The HDI is an average of the subnational values of three dimensions, mainly education, health and standard of living. Education is measured through “mean years of schooling of adults aged 25 plus” and “expected years of schooling of children aged six”; health is measured by “life expectancy at birth”; and general standard of living by “gross national income per capita”. According to these indices, Bihar and Uttar Pradesh remained at the bottom of the rank for the last 27 years; north-eastern States (Nagaland, Meghalaya and Manipur) slipped down in their ranking, while Haryana, Himachal Pradesh, Tamil Nadu and Karnataka registered a significant upward climb in their HDI ranking.

Jammu and Kashmir ranked 11th

The HDI for Jammu and Kashmir showed an improvement from its 1990 status. It was ranked 11 among 25 States (highest scores ordered as rank 1), scoring better than Rajasthan, Arunachal Pradesh, Andhra Pradesh, Odisha, Tripura, Assam, West Bengal, Madhya Pradesh, Nagaland, Uttar Pradesh, Bihar and even Gujarat, which was ranked 14. The NITI Aayog developed a sustainable development goal (SDG) index classifying States and Union Territories into four categories of “achiever, front runner, performer and aspirant” depending on their scores. The SDG is based on a set of 17 global goals and 169 targets to be achieved by 2030, aimed at addressing global challenges.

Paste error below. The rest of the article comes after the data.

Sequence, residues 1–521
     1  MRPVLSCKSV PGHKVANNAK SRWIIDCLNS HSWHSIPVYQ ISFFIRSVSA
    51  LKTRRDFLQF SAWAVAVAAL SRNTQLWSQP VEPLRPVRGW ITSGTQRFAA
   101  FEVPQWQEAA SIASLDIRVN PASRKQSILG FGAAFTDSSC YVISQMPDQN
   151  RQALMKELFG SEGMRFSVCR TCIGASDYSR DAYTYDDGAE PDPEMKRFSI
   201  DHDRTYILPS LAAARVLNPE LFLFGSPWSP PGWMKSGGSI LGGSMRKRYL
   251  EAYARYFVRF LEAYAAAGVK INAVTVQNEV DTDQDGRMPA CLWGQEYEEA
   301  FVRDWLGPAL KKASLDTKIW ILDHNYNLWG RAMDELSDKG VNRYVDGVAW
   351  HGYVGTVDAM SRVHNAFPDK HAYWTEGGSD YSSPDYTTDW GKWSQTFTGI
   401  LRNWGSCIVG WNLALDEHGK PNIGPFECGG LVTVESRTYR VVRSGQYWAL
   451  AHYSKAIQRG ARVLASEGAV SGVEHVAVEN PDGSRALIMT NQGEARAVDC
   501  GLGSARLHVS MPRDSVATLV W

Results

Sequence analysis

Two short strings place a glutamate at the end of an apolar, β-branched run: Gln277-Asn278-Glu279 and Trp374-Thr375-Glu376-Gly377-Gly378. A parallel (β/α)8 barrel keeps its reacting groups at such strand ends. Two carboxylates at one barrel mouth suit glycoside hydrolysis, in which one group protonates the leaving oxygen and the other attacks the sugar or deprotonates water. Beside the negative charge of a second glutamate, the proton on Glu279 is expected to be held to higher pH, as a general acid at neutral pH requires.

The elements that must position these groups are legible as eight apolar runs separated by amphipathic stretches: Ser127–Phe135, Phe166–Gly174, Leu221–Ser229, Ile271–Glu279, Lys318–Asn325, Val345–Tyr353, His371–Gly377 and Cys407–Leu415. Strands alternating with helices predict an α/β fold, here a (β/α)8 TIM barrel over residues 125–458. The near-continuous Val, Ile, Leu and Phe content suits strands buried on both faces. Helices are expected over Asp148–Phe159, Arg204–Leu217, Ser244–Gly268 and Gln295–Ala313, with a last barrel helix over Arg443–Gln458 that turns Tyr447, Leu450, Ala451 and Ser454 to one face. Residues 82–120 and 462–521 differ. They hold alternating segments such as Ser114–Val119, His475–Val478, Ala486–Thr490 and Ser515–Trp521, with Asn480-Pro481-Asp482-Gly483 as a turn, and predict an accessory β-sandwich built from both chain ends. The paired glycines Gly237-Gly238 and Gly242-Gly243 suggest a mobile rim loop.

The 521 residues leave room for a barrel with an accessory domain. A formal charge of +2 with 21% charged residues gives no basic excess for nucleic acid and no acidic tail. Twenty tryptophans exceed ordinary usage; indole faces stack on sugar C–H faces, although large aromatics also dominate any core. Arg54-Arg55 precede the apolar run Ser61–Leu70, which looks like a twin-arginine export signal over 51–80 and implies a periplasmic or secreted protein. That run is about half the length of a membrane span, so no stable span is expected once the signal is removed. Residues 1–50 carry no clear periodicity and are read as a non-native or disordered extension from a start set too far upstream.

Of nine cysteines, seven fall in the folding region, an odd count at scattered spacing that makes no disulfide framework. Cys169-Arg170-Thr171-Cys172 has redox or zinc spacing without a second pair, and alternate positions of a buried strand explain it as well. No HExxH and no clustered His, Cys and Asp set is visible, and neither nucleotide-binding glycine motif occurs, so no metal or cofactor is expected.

Kerala, Himachal Pradesh and Tamil Nadu occupied the first three positions and were front-runner States while Bihar, Uttar Pradesh and Assam were ranked lowest in the aspirant category. Jammu and Kashmir was placed in the “performer” category of 23 States alongside Gujarat, Goa, Maharashtra and Punjab. It was ranked 17 out of 23 States, ahead of Madhya Pradesh, Meghalaya, Arunachal Pradesh, Nagaland, Odisha and Jharkhand. It was also ranked much better than Bihar, Uttar Pradesh and Assam, which were in the “aspirant” category of States, ranked much below the performer and front-runner States.